TRUST PLANNING – WHAT IS A TRUST?
WHAT DOES A TRUST DO?
TRUST PLANNING TO PROTECT YOUR ASSETS
What is a Trust?
Quite simply, a Trust is like a box that you can place your assets into, in order to protect your estate or your intended beneficiaries, from the threats of Probate costs, Accidental Disinheritance of your beneficiaries, Divorce, Bankruptcy, Remarriage or Inheritance Tax. Some Trusts form a part of a Will to be set up on death and others can be separate and set up during life.
Trust planning is a very specialised area of law and we have a team of professionals that are experts in this field. Be very careful to ensure that this is dealt with by a specialist. This is a significant area within Kenton Baker Estate Planning Practitioners as one of our main areas of expertise.
A Trust can:
- Prevent your direct bloodline (children and grandchildren) losing out in the event of your dying and your surviving partner remarrying. If you simply leave your estate to your partner and they remarry and subsequently die, it is common for the estate your partner inherited from you to pass to the family of the new partner. This is called Accidental Disinheritance of your beneficiaries. A Trust can stop this from happening!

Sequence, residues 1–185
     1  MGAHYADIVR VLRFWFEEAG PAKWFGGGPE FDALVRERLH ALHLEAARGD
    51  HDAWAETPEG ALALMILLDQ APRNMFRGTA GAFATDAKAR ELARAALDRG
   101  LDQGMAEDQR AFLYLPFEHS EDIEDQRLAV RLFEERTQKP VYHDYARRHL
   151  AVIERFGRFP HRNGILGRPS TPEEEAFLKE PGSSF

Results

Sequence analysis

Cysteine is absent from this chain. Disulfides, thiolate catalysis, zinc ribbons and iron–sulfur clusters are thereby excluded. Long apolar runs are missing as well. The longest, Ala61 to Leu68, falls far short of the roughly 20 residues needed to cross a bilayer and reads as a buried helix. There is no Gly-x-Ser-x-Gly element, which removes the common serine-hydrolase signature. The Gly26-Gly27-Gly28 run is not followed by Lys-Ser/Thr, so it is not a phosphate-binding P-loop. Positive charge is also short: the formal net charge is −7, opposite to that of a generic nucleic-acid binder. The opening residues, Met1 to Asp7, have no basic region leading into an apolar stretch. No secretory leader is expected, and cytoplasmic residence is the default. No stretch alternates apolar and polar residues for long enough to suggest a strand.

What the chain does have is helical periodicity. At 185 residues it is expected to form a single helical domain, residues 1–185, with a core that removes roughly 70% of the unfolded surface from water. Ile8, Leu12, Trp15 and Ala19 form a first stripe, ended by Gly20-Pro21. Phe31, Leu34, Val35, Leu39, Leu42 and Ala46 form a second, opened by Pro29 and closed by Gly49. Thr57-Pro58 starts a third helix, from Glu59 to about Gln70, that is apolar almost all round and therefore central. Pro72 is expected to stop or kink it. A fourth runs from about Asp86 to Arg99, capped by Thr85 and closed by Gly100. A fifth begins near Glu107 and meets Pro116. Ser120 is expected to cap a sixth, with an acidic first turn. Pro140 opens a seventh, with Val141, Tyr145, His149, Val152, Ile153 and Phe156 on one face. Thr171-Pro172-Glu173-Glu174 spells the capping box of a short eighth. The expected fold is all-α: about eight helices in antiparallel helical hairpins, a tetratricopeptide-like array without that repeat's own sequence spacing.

- Prevent an inheritance left to a child who is facing problems (divorce, bankruptcy, addictions) by distributing the funds to that child in such a way that it won’t be squandered or misused.
- Prevent the situation arising whereby a child with disabilities could lose benefits if they inherit from you through a Will. Inheriting via a Trust means that benefits are not affected.
- Enable assets that are held in a Trust to be distributed immediately – thereby removing the need, and the huge cost and time delays, of probate.
Trusts are far more than just a potentially tax-efficient way of protecting and gifting assets for the next generation. They provide welcome protection for young children or vulnerable beneficiaries. We can help you set up and manage effective trust planning, providing you with peace of mind.
Some Types of Trust: Click the links below to find out more
What are trustees?
Trustees are the people you appoint to look after your assets in the trust for the benefit of the beneficiaries, for example until a child is old enough to inherit. Usually, Executors and Trustees are the same people. Trustees can be other family members, friends or professionals.
For help or guidance in this sometimes complex matter